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Gloomy mortgage data may mark ‘start of housing slowdown’ says agent

Agents have reacted gloomily to the release of figures showing that the number of new mortgages offered to both movers and first time buyers fell substantially in March.

New first-time buyer mortgages numbered 28,800 in that month, 2.4 per cent fewer than in the same month a year earlier.

The number of new mortgages going to those moving house fell six per cent to 25,280.


The figures come from mortgage trade body UK Finance.

Mike Scott, chief property analyst at online estate agent Yopa, says the figures show “the first sign of a slowdown in housing market activity” which had been holding up well despite the current political and economic uncertainty. 

“It remains to be seen if this is a one-off pause in home-buying activity caused by the short-term uncertainty of the Brexit deadlines on March 29 and then on April 12, or if it is the start of a longer-term trend” he says.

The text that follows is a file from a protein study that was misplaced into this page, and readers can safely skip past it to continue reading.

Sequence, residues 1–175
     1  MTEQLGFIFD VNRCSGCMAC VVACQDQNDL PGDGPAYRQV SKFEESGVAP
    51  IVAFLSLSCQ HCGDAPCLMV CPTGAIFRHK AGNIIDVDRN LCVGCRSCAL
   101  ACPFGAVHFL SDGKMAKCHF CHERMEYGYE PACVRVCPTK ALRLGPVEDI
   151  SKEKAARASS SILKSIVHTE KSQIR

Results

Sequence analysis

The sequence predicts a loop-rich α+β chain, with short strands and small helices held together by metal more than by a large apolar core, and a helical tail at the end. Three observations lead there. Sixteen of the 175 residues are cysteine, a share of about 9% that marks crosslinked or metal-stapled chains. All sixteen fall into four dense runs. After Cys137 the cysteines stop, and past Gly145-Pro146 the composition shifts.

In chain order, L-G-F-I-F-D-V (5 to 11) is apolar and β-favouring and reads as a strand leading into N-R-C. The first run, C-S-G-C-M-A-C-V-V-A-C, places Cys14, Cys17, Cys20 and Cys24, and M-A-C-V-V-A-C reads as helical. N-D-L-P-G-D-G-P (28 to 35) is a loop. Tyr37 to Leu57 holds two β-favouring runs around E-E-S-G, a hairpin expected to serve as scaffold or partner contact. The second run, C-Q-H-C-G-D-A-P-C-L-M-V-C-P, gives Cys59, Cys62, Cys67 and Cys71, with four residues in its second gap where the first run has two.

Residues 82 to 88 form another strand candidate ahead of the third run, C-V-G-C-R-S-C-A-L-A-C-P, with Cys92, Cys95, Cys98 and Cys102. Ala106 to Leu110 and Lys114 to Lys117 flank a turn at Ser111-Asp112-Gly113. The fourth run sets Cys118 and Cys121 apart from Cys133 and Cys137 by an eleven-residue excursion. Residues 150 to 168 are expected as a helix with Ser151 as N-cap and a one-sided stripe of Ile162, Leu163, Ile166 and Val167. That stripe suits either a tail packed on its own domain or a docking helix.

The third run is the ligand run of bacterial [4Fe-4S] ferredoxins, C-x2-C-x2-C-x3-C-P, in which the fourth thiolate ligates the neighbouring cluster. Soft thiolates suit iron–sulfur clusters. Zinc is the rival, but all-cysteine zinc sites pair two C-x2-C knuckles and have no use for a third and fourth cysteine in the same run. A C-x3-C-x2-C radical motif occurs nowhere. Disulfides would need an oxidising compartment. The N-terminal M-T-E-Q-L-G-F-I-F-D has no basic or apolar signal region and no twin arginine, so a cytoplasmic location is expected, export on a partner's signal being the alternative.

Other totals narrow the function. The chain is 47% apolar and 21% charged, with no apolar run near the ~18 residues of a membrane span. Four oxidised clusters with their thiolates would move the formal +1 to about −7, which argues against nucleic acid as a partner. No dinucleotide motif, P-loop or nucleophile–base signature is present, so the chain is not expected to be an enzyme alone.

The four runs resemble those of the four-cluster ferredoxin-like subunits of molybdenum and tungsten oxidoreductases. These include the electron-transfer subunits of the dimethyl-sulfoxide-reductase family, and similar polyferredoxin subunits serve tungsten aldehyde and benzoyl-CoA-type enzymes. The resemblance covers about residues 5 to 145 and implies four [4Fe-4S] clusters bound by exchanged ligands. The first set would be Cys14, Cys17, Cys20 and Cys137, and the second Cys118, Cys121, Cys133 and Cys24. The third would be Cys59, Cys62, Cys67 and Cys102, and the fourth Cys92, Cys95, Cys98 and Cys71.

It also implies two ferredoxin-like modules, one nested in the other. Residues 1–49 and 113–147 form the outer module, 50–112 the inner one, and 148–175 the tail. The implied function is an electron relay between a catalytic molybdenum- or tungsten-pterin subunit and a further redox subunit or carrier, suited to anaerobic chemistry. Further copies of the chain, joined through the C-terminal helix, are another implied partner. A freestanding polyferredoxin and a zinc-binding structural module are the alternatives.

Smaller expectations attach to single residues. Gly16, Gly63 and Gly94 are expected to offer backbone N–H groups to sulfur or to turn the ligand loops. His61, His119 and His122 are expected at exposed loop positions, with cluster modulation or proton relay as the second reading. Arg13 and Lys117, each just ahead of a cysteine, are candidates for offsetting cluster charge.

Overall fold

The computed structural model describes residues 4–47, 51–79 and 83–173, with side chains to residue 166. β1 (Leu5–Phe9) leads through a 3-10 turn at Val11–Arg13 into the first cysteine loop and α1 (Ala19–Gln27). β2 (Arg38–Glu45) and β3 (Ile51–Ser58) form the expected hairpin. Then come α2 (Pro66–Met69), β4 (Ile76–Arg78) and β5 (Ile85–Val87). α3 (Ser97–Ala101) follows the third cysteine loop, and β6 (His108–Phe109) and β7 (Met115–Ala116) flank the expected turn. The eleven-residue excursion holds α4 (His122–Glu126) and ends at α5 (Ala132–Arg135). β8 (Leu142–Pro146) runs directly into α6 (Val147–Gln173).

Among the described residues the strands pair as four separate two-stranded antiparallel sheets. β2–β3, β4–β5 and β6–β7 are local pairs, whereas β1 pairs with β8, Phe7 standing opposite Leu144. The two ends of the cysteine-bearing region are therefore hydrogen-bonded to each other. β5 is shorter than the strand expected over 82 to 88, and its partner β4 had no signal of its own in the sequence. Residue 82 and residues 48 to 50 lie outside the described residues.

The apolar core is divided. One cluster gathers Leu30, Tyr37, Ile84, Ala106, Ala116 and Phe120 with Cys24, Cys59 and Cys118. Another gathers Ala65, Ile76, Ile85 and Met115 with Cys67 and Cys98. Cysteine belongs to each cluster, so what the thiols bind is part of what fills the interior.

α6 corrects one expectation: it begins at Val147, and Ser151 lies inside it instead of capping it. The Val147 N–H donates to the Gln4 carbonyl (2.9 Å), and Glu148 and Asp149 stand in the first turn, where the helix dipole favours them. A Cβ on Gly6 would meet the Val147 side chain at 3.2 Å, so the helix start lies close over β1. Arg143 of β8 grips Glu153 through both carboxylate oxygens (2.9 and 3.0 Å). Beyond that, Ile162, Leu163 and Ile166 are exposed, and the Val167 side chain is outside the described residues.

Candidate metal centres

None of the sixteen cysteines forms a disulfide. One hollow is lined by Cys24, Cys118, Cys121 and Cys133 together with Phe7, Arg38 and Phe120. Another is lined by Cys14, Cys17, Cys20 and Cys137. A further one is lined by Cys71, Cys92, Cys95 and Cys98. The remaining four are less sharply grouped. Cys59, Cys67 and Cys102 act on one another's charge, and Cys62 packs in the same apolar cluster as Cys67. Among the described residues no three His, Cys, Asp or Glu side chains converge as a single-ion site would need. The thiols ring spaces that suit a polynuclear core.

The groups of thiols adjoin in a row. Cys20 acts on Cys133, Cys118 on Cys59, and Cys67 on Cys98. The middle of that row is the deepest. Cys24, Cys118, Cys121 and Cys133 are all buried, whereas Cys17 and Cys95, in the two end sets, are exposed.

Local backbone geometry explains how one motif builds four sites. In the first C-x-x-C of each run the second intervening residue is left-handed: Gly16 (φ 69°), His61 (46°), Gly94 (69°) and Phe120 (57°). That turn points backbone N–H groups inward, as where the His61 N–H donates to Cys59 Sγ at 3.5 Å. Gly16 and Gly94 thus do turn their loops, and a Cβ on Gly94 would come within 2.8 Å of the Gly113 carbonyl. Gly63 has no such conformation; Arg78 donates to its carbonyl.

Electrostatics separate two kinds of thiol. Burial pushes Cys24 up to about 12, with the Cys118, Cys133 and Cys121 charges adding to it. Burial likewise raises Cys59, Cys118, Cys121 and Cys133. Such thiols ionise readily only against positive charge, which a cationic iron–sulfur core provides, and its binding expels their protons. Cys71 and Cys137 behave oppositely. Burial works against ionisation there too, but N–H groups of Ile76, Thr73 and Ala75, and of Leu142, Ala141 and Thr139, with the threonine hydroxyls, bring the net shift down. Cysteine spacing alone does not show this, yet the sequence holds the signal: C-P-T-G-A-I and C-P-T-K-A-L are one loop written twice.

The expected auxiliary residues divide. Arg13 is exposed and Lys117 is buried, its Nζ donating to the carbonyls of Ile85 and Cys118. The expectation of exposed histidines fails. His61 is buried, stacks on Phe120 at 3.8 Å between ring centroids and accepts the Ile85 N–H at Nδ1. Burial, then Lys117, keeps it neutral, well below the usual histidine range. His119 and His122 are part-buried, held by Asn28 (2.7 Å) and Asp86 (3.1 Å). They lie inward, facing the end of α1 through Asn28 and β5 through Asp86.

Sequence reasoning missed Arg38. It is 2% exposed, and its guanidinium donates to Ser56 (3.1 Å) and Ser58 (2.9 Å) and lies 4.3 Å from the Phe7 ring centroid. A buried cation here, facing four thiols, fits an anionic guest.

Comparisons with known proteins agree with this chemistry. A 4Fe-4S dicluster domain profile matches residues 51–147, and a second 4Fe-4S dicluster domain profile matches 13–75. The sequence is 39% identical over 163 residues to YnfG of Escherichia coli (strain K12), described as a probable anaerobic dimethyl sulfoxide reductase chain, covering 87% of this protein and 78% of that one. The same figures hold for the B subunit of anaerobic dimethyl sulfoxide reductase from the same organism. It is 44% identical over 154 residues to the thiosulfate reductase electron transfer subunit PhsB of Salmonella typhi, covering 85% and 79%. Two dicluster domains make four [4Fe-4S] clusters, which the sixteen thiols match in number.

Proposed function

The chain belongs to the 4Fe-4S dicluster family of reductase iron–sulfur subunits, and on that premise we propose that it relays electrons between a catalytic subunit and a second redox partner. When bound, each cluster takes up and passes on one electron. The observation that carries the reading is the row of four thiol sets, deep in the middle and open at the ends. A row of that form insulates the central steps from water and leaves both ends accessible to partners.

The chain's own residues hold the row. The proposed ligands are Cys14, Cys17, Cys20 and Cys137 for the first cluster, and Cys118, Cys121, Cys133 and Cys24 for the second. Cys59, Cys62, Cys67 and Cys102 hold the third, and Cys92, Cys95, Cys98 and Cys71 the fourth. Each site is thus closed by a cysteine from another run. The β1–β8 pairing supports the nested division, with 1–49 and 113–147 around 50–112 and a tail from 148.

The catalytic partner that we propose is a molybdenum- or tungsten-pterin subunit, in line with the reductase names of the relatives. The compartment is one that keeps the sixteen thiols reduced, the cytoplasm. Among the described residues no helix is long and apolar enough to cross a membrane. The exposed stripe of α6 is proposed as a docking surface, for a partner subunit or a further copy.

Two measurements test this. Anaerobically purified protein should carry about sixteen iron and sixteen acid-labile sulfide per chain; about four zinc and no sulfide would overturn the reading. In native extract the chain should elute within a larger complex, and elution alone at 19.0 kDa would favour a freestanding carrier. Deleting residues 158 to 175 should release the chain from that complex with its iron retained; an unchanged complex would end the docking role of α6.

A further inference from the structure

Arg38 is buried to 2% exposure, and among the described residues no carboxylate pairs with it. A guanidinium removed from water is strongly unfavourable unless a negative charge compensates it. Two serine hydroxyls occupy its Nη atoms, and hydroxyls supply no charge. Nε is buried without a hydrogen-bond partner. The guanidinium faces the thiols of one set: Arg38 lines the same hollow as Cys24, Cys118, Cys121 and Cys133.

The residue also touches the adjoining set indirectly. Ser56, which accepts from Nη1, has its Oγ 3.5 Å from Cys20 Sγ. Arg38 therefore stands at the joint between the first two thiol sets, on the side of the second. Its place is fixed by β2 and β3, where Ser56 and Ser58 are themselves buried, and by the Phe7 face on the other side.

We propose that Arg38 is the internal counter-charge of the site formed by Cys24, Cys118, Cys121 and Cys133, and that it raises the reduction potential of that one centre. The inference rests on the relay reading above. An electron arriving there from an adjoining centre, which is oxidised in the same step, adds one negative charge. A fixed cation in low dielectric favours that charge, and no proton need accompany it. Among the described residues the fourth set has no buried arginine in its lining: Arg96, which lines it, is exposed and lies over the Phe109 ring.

“Since the economic fundamentals remain sound, with high employment, rising wages and active mortgage lending at low interest rates, we expect that the market will quickly return to normal, at least until October when the new Brexit deadline comes close, and that the total number of homes bought and sold in 2019 will be at a similar level to the previous five years” suggests Scott.

Meanwhile Jeremy Leaf, north London estate agent and a former RICS residential chairman, says: “These numbers … reflect what we are seeing at the coalface - in other words, it is a bit busier one month but down the next and then up again. There are no significant movements one way or the other. We are continuing to see more buyer interest but properties must show real value and opportunity otherwise they are getting left on the shelf.”

The UK Finance figures also show a hefty drop in buy to let activity. 

There were just 5,000 buy to let home purchase mortgages completed in March 2019, 9.1 per cent fewer than in the same month in 2018; meanwhile there were 14,400 remortgages in the BTL sector, 3.9 per cent more than in March 2018.

Jeremy Leaf comments: “It is no surprise that buy to let mortgages are continuing their downwards trend as landlords face an onslaught of tax and regulatory changes with more on the way. We are finding buy to let remortgaging increasing is down to properties having to work harder in order to maintain profit levels so this is likely to continue.”


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